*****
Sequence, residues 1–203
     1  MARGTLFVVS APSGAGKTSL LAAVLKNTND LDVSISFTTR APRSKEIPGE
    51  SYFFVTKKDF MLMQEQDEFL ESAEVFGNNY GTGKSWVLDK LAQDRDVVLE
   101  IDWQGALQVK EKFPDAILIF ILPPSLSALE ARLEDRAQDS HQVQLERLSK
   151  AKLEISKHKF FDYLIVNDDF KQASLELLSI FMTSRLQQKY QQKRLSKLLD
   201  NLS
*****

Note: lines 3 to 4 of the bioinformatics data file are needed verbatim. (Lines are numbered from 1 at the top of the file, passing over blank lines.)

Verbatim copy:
    51  SYFFVTKKDF MLMQEQDEFL ESAEVFGNNY GTGKSWVLDK LAQDRDVVLE
   101  IDWQGALQVK EKFPDAILIF ILPPSLSALE ARLEDRAQDS HQVQLERLSK